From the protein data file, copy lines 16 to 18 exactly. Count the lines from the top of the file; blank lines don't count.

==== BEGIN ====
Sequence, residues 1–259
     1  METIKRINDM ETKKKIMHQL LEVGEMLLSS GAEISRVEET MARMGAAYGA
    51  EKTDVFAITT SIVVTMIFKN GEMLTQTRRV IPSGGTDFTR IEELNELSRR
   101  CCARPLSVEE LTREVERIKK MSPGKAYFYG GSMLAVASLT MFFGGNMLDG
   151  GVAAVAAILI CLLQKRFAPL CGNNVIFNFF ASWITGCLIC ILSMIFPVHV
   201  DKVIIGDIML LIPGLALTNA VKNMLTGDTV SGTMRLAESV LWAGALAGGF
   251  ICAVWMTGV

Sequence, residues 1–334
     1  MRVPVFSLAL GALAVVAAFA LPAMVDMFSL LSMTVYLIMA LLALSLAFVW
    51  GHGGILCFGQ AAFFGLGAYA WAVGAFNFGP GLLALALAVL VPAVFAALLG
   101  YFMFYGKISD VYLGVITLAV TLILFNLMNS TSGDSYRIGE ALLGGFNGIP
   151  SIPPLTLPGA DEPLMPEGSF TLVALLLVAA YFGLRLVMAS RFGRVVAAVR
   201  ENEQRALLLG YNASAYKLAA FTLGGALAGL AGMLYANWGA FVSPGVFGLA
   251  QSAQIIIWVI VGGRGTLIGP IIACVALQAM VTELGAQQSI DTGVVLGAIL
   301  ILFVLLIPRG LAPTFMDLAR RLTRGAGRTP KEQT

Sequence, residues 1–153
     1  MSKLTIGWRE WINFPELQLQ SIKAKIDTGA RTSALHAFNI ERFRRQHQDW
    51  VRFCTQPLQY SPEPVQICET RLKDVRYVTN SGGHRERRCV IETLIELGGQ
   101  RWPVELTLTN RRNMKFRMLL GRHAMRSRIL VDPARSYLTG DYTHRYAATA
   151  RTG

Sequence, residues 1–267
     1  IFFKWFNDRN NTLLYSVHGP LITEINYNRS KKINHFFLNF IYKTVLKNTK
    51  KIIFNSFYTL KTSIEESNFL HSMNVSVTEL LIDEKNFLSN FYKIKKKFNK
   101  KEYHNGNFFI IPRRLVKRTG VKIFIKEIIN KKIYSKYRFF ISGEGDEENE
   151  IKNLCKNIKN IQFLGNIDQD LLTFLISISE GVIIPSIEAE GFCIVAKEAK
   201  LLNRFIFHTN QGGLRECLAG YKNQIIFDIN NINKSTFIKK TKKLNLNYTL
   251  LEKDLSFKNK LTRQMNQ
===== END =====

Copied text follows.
Sequence, residues 1–153
     1  MSKLTIGWRE WINFPELQLQ SIKAKIDTGA RTSALHAFNI ERFRRQHQDW
    51  VRFCTQPLQY SPEPVQICET RLKDVRYVTN SGGHRERRCV IETLIELGGQ